The concept of gentleness seems archaic these days, does it not?
We all have witnessed or been on the receiving end of others’ destructive vitriol, and that vitriol seems to multiply with each passing day.
Even the kindest and most loving individuals among us are not exempt from these anger- and violence- laced diatribes, whether they see or hear them in person, on the news or on social media.
Sadly, this malice is everywhere, even among those who consider themselves spiritual or religious, as they seek to push their own misguided images of a deity as hateful and angry as they are onto others.
Maybe this current darkness we are experiencing can be chalked up to the human condition.
Emile Durkheim, a French sociologist, introduced the concept of the “collective consciousness” in 1893. Collective consciousness refers to the set of shared beliefs, ideas, attitudes, and knowledge that are common to a social group or society. It informs our sense of belonging and identity, and our behavior.
From a more spiritually grounded perspective, imagine a pebble tossed in a pond. The emerging circular ripples reach out and effect all with whom they come in contact, even those not directly connected to the pebble itself.
Everything we do — our words, our actions, even our thoughts — have consequences, not just on us, but on the world around us.
That is partially what it means when spiritual teachers say we are all One, or that we are part of an interconnected web of being.
Each part effects the whole.
“Sin” is not a popular word these days, and perhaps rightly so. The word hearkens back with negative connotations to old ways of religious thought, which emphasized how humans were a pathetic lot, destined for destruction because of their innate corruption.
Those who grew up with this kind of black-and-white theology sometimes have difficulty embracing the idea of an all-merciful, all-loving God. Many even fall into scrupulosity — thinking every little thing they do, think or say is sinful, when it is not.
I’m not saying the concept of sin is wrong. Because, in fact, those behaviors that are considered “sinful,” – those behaviors that contradict the Law of Love — are considered that way, not just for the effect they have on the individual doing them, but also for the effect they have on the rest of the world around them.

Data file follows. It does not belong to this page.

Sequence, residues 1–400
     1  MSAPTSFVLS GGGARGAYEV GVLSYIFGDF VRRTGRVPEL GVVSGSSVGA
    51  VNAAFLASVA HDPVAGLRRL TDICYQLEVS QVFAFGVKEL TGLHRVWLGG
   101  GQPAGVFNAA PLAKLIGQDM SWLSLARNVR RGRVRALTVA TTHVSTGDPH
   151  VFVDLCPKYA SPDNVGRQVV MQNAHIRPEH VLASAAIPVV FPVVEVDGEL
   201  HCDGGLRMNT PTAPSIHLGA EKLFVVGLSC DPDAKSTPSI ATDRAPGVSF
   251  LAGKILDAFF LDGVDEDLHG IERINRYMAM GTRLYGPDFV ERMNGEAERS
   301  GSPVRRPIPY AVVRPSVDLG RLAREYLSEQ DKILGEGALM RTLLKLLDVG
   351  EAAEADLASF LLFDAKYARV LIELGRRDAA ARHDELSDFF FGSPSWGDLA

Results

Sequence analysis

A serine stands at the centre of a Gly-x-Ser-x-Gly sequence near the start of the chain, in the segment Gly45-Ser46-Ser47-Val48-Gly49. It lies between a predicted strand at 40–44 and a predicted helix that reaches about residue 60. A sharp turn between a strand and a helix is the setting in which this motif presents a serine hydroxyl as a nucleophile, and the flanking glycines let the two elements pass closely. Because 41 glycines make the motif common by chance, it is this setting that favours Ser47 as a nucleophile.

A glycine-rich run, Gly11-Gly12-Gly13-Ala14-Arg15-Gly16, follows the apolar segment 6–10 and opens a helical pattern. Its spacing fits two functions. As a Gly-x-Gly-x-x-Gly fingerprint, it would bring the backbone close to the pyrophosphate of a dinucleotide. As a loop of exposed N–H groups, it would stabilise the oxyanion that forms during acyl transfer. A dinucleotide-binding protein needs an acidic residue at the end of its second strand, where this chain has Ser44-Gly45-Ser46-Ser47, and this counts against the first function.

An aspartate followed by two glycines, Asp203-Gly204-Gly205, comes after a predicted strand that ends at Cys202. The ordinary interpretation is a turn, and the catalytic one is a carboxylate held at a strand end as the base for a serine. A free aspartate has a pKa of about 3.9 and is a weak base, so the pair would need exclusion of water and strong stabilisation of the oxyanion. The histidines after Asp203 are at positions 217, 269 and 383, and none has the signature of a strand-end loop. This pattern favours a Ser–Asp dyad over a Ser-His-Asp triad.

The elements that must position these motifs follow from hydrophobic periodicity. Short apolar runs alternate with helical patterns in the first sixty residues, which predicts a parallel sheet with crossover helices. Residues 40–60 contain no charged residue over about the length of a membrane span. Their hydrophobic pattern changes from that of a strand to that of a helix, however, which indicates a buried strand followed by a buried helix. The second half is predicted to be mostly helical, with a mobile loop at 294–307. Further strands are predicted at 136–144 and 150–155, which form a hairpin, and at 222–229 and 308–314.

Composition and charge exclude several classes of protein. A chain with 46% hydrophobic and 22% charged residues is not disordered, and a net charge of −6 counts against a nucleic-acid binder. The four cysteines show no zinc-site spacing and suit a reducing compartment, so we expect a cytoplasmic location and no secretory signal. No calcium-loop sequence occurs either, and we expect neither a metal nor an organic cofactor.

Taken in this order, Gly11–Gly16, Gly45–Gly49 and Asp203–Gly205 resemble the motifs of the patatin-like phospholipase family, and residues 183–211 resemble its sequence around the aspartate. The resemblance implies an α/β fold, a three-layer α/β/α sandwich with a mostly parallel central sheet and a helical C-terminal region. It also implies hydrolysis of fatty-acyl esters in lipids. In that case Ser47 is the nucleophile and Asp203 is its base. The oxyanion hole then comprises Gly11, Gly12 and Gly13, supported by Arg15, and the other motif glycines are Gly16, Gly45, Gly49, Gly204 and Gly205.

Until an individual experiences for oneself that profound Love of one’s being, simply because one exists, that individual will continue to live according to its lesser “sinful” nature.
Often it takes hitting rock bottom in one’s life, whether it is through chronic illness, the loss of a job or relationship, or the death of a loved one to open oneself up to be humbled enough to receive that transformative experience of Divine Love.
We don’t receive that Divine Love because we’ve done anything to merit it. We receive that Divine Love because that is what “God” is.
God is love.
And because love is God’s substance, God cannot act in any way counter to the Law of Love, which includes love, joy, peace, patience, kindness, generosity, faithfulness, gentleness and self-control.
Once one has experienced the profoundly transformative effects of the Love of God for oneself, it is hard to forget.
It changes one from the inside out. Irrevocably.
That experience of Divine Love is not given to us just for us to be consoled, it is given to us so that we might begin to act in the same way in our own lives, and with those whom we come into contact, according to the Law of Love.
Even should one forget that experience of Divine Love, however, and return to former ways of living, it is always retrievable, because it forever dwells in one’s heart.
The darkness of pride, greed, lust, envy, gluttony, wrath, and sloth – which are commonly known as the seven deadly sins, the roots of all “sinful” behavior – can and sometimes do cloud the memory of that experience of Divine Love.
But that Love is always there, waiting to be found, dusted off, and put into action, through the initiative and the power of the holy Spirit.
“Nothing is impossible with God.”
These are the words we hear in the first chapter of the gospel of Luke when the angel Gabriel appeared to Mary of Nazareth, asking her to consent to carry the Christ child, through the power of the holy Spirit.
The holy Spirit changes history and the holy Spirit transforms individual people as well.
The power of the holy Spirit is limitless.
It is not beyond the Spirit’s ability to transform our society and our world.
Let us acknowledge that we as individuals, and we as a society, have hit bottom, humble ourselves and receive the transformative power of that Love.
Ask the holy Spirit to fill you, each other, the nation and the world with love, joy, peace, patience, kindness, generosity, faithfulness, gentleness and self-control.
· SPIRIT MATTERS is a weekly column that examines spirituality. Contact Jerrilyn Zavada at email@example.com to share how you engage your spirit in your life and in your community.